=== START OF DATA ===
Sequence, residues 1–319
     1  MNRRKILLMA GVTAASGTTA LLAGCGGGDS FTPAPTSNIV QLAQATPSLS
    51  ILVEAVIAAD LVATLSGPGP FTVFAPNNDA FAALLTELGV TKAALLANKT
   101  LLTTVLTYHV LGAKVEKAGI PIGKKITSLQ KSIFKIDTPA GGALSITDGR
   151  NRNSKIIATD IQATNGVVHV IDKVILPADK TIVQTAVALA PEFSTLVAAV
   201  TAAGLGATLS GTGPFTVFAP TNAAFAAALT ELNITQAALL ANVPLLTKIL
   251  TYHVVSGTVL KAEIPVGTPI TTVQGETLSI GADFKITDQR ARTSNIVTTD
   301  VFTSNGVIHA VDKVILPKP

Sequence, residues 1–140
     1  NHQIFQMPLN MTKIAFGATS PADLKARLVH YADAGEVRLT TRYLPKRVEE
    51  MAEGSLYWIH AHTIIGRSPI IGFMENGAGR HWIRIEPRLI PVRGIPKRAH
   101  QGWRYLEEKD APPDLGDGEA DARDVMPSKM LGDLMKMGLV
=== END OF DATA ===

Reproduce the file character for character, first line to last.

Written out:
Sequence, residues 1–319
     1  MNRRKILLMA GVTAASGTTA LLAGCGGGDS FTPAPTSNIV QLAQATPSLS
    51  ILVEAVIAAD LVATLSGPGP FTVFAPNNDA FAALLTELGV TKAALLANKT
   101  LLTTVLTYHV LGAKVEKAGI PIGKKITSLQ KSIFKIDTPA GGALSITDGR
   151  NRNSKIIATD IQATNGVVHV IDKVILPADK TIVQTAVALA PEFSTLVAAV
   201  TAAGLGATLS GTGPFTVFAP TNAAFAAALT ELNITQAALL ANVPLLTKIL
   251  TYHVVSGTVL KAEIPVGTPI TTVQGETLSI GADFKITDQR ARTSNIVTTD
   301  VFTSNGVIHA VDKVILPKP

Sequence, residues 1–140
     1  NHQIFQMPLN MTKIAFGATS PADLKARLVH YADAGEVRLT TRYLPKRVEE
    51  MAEGSLYWIH AHTIIGRSPI IGFMENGAGR HWIRIEPRLI PVRGIPKRAH
   101  QGWRYLEEKD APPDLGDGEA DARDVMPSKM LGDLMKMGLV